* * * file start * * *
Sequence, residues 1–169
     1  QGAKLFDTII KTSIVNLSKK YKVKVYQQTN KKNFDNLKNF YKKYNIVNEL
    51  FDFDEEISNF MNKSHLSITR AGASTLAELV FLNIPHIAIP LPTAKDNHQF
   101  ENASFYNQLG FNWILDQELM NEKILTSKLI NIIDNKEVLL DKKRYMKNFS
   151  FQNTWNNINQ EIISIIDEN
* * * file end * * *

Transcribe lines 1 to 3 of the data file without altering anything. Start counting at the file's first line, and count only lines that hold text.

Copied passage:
Sequence, residues 1–169
     1  QGAKLFDTII KTSIVNLSKK YKVKVYQQTN KKNFDNLKNF YKKYNIVNEL
    51  FDFDEEISNF MNKSHLSITR AGASTLAELV FLNIPHIAIP LPTAKDNHQF